"Know thyself", says Thales, or Pythagorus, or some one of five Greek philosophers. In our end is our beginning, and as the Red Wings finish whomping the Calgary Flames in their first game of the Stanley Cup playoffs, it occurs to me that my interest in hockey, and indifference to football or the NBA, might have something to do with certain traits I admire that I see acted out in the most intense hockey games.

It is a very Arthurian sport. They play for a grail, there are gallant knights (and some villains) in armor, and the Stanley Cup, grail-like, is the hardest trophy to win in professional sports. There are four rounds in the playoffs, 5 games in each round, before you get to the Cup. Lots of sports reward strength and flash and speed and instinct, but this one rewards endurance. Guys play hurt more than any other sport, badly hurt. Picture a determined squirrel chewing through an oak board while predators are trying to eat him and scare him away from his goal, but he keeps going back and gnawing, gnawing. "Anyone can win a fight--when the odds are easy! It's when the going's tough when there seems to be no chance! That's when it counts!" (see Stan Lee/ Peter Parker, The Amazing Spider Man #33; Frank Miller/ Bruce Wayne, "Batman: Year One"; et alii)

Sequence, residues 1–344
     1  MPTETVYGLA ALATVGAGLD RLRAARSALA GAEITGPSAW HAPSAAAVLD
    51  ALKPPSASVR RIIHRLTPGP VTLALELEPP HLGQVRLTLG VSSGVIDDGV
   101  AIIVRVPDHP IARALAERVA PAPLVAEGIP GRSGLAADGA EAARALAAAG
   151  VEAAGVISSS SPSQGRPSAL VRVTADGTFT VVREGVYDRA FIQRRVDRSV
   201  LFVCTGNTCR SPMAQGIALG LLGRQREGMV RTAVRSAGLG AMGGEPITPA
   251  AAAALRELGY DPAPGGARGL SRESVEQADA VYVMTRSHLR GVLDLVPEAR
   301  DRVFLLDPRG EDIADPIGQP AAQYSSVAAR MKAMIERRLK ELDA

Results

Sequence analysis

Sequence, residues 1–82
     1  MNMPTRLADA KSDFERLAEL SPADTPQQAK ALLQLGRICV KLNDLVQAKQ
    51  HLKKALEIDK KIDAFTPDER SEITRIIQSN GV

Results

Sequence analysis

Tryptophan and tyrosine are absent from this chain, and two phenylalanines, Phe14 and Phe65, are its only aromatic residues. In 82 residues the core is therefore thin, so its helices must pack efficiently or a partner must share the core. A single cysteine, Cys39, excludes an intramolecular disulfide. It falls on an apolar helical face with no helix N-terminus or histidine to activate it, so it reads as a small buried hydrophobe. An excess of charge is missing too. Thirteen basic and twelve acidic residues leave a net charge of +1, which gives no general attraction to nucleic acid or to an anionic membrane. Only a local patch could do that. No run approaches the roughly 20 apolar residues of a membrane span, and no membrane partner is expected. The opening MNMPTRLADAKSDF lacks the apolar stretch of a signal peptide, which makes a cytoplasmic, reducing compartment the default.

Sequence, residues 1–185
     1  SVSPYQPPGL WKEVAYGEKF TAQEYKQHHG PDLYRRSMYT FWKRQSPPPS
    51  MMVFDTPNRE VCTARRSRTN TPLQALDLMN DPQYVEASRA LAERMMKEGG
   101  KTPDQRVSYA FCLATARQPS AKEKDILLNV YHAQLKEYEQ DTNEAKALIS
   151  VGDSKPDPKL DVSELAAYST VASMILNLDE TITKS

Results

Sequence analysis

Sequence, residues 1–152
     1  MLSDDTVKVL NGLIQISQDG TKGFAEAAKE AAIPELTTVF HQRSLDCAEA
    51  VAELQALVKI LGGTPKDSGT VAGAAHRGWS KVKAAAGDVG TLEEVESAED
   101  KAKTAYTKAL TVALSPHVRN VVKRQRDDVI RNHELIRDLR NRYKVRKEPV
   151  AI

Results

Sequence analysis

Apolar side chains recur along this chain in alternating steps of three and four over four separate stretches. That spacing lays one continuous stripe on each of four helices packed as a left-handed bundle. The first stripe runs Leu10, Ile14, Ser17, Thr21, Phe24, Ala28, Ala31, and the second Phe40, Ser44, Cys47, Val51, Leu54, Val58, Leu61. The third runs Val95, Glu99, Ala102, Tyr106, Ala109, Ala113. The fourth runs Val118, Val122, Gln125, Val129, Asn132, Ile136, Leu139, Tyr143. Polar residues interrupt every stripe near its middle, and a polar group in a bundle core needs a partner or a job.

Come to think of it, didn't Isak Dinesen, whose photograph talked me out of suicide one night twenty-five years ago, say that her motto was "je endure"?

Me, I'm not especially tough or strong in physical contests, but I'm good at enduring, a stubborn trait sometimes enough to compensate for my weaknesses. (Lest anyone feel a need to get Hemingway macho on my ass, I should probably mention my creatively vicious streak as well. One improvisation involves a squirrel. And nuts.)

I enjoy the skill in baseball and am awestruck by the human beauty of the Olympics, but hockey's combination of nobility (Stevie Yzerman) and brutality (the goons like to pick on the Europeans and the finesse guys, thinking them less likely to fight back-- then Chris Chelios, coming to the defense knocks the bully on his ass with a comically contemptuous expression of dismissal), mischief (Kris Draper our drama coach, checking his chin and pretending to look for blood whenever an opposing player brushes past him) physical grace and near surgical skill (have you ever seen a Russian skater like Datsuk or Federov weave through a line of defenders?)-- this touches me deeply.

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